German is a West Germanic language, thus related to and classified alongside English and Dutch. It is one of the world’s major languages and the most widely spoken mother tongue in the European Union. Around the world, German is spoken by approximately 105 million native speakers and also by about 80 million non-native speakers.
The Undergraduate and Graduate Programs in German Studies provide students with a rigorous training in the German language, and with a solid and broad knowledge of German literary and cultural history. This includes film and media studies as well as the theoretical foundations of the studies of literature, intellectual history, critical theory, media, and visual studies. German Studies faculty members are very committed to interdisciplinary work with other units at UF.
In keeping with the mission of a research university, the Graduate Program in German Studies trains and prepares future scholars and teachers of German Studies for careers in higher education. In Spring 2009, the MA program in German Studies has been particularly successful placing graduate students in prestigious PhD programs. Our MA students continue in PhD programs at institutions such as Stanford University, Cornell University, and the University of Pittsburgh.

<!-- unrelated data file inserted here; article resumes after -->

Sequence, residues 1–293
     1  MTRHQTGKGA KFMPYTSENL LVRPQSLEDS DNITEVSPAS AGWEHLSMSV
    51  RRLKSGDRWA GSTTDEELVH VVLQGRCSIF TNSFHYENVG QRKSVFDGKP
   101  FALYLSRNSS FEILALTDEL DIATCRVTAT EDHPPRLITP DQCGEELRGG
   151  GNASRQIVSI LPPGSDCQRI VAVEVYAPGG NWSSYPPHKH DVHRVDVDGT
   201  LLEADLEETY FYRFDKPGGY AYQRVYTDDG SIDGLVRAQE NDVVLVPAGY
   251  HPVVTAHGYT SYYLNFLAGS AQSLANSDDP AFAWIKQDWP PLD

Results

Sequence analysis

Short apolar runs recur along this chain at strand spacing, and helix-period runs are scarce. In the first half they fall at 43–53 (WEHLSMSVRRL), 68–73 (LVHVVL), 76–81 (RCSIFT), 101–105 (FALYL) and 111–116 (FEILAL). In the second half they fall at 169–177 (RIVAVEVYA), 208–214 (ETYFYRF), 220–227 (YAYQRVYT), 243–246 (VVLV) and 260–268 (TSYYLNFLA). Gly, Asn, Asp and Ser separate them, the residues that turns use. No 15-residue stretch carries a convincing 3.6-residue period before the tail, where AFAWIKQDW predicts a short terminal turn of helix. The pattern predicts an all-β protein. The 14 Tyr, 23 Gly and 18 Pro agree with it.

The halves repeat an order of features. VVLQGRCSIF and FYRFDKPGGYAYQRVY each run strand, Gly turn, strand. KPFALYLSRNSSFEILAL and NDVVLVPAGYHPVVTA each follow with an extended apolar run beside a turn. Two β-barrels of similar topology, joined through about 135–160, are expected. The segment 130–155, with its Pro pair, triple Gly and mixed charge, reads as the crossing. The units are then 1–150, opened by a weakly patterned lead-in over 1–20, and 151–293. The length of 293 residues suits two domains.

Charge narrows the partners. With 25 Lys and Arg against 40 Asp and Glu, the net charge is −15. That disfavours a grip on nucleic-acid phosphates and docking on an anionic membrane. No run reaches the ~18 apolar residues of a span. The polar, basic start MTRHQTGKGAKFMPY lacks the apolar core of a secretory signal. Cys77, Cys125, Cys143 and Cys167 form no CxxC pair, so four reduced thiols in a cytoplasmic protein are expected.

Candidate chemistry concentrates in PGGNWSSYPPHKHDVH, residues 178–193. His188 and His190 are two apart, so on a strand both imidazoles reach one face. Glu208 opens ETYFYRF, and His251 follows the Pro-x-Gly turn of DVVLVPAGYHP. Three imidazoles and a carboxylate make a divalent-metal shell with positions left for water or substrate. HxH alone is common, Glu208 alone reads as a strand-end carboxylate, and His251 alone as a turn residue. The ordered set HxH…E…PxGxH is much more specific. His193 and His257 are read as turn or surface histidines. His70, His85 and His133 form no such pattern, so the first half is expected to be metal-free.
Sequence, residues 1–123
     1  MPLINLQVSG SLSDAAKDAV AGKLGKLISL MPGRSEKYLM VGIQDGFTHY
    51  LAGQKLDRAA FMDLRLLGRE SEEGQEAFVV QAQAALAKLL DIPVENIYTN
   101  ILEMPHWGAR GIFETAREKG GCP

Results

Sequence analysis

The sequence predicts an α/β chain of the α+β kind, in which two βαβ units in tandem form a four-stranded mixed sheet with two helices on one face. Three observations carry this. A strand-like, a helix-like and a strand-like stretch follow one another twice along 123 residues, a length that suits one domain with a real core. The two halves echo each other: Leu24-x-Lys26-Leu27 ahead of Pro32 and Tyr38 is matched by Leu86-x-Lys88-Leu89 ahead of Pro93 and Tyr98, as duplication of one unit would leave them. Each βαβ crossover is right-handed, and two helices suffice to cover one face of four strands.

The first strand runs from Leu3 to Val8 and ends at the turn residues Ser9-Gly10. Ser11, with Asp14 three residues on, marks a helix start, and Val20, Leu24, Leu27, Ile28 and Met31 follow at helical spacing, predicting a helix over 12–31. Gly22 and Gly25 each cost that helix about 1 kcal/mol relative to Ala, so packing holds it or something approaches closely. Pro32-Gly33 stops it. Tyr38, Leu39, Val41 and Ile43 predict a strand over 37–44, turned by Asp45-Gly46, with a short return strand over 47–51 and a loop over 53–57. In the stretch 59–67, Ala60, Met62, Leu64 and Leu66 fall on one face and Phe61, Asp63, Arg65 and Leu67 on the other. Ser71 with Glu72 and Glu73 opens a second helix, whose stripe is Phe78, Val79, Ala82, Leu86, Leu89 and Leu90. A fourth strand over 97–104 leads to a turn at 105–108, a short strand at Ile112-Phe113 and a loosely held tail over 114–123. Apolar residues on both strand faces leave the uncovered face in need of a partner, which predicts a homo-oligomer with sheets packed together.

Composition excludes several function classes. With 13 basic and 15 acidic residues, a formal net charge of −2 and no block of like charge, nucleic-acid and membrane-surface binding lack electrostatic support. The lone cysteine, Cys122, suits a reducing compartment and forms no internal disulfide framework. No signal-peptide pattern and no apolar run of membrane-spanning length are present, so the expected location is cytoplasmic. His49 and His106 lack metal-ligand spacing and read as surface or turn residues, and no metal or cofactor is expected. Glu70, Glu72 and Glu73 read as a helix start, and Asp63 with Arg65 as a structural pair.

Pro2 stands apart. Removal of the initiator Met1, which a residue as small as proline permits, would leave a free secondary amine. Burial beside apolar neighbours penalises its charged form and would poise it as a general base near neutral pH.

German Studies has a new B1 Intensive German (pdf) Program in Mannheim, Germany, and students participating in the Medieval and Early Modern Studies (MEMS) in Mannheim program also have the opportunity to take German.
In 2009 German Studies at UF is one of twenty-nine German programs at top universities in the United States selected by the Embassy of the Federal Republic of Germany to participate in a nationwide commemoration of the twentieth anniversary of the Fall of the Berlin Wall in 1989.For more information on the related events, go to the Fall of the Wall web page.
Academic Learning Compact